I just lived from day to day being very busy to help other people leave the country. Anyhow, being of military age, I couldn’t leave according to a new regulation. Towards the end of August 1939, news reached us that Germany was massing an army on the western border of Poland. This created a panic and thousands of people started to move to the eastern part of Poland. And again, I was swamped with work, as the trains were overcrowded. I chartered…two sleeping cars, which were attached to a regular overnight train from Krakow to Lwow. This I succeeded to arrange for four days.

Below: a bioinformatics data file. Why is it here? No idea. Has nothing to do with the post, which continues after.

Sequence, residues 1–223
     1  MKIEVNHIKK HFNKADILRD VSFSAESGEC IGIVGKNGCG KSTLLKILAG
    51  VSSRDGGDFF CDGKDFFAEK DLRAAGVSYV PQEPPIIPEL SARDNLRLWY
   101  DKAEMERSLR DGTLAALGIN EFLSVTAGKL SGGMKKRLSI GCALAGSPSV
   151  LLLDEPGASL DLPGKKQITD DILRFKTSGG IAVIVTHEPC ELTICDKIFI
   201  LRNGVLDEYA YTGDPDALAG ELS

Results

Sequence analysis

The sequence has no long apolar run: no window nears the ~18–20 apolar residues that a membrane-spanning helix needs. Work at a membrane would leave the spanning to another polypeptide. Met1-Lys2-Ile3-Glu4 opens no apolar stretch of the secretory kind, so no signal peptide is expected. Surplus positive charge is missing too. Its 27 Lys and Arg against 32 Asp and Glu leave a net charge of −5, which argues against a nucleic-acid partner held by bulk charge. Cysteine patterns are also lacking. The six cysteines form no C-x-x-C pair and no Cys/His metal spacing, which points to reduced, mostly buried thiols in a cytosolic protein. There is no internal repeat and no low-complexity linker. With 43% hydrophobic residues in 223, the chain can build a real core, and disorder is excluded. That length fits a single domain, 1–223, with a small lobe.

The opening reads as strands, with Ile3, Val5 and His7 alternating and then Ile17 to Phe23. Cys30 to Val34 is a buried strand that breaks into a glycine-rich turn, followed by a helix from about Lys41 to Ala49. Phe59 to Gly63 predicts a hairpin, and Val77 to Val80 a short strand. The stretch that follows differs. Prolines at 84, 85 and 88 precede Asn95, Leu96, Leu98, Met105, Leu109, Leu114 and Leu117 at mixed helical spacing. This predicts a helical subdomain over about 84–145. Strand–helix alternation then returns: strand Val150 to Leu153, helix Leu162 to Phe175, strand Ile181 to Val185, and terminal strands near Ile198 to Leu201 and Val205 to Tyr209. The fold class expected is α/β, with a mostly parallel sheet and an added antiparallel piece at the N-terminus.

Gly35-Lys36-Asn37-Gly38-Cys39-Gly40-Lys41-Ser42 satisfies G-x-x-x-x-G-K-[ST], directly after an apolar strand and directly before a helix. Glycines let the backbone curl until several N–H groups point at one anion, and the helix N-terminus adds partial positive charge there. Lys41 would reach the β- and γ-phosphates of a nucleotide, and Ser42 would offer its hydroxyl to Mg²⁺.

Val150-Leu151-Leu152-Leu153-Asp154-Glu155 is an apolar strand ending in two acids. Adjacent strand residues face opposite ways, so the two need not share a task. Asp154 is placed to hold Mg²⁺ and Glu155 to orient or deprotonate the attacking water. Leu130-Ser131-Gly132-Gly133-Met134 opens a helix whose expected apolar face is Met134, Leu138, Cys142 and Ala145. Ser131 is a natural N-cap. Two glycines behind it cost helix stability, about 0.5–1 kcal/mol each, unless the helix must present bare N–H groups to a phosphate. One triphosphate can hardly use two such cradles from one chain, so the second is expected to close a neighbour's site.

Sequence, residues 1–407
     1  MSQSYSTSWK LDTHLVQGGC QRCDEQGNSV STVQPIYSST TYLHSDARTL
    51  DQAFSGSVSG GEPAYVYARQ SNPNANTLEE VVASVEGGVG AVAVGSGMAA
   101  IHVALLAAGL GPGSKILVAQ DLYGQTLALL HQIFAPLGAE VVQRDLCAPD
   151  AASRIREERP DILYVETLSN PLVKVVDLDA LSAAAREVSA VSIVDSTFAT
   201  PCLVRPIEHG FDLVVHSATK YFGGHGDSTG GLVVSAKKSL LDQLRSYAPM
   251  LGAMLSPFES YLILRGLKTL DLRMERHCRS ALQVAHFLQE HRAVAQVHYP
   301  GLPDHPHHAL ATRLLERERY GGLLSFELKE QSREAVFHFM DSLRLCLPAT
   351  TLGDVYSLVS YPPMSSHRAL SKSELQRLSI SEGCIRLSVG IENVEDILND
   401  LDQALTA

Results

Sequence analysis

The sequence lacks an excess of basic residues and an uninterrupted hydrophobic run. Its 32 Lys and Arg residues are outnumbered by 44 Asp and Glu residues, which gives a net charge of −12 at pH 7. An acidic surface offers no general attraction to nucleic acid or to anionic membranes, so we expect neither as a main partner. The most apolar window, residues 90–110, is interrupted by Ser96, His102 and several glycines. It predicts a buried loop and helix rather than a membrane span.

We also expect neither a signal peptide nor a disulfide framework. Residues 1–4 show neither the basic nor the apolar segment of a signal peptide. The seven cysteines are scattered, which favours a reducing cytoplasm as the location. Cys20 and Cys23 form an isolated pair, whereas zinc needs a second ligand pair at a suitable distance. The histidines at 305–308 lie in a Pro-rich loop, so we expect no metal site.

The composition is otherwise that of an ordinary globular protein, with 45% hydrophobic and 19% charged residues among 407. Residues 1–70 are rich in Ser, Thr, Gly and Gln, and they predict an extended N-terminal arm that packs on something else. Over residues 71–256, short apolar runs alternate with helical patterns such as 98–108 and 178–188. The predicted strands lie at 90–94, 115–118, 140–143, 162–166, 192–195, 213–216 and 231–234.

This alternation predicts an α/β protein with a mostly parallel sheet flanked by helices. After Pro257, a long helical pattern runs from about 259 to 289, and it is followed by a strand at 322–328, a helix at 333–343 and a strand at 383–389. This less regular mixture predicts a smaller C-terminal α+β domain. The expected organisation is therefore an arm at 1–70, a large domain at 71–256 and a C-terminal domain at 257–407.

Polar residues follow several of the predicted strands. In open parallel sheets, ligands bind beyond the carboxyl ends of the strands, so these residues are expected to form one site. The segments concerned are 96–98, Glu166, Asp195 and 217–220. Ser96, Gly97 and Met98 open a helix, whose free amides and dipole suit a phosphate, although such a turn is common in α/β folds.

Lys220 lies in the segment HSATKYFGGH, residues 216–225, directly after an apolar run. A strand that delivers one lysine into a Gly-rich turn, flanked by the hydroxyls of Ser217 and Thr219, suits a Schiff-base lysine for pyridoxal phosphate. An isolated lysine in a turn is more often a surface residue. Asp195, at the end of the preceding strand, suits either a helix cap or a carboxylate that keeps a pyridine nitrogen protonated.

One has to marvel at Joseph’s lack of editorializing. There is not a hint of self-congratulations for making arrangements for a last-minute evacuation. The rail exodus from Cracow to Lvov on the chartered sleeping cars probably took place in the last days of August 1939.
© Cambridge University Press
Table of Contents
Part I. Joseph's Story: Joseph Richard S. Hollander; Part II. Cracow: The fate of the Jews of Cracow under Nazi occupation Christopher R. Browning; Through the eyes of the oppressed Nechama Tec; Part III. The Letters: 1. Letters without reply: November 1939-May 1940; 2. Separation anxiety: May-August 1940; 3. Exit strategy: September-December 1940; 4. Familial love, penned: January-December 1941; Index.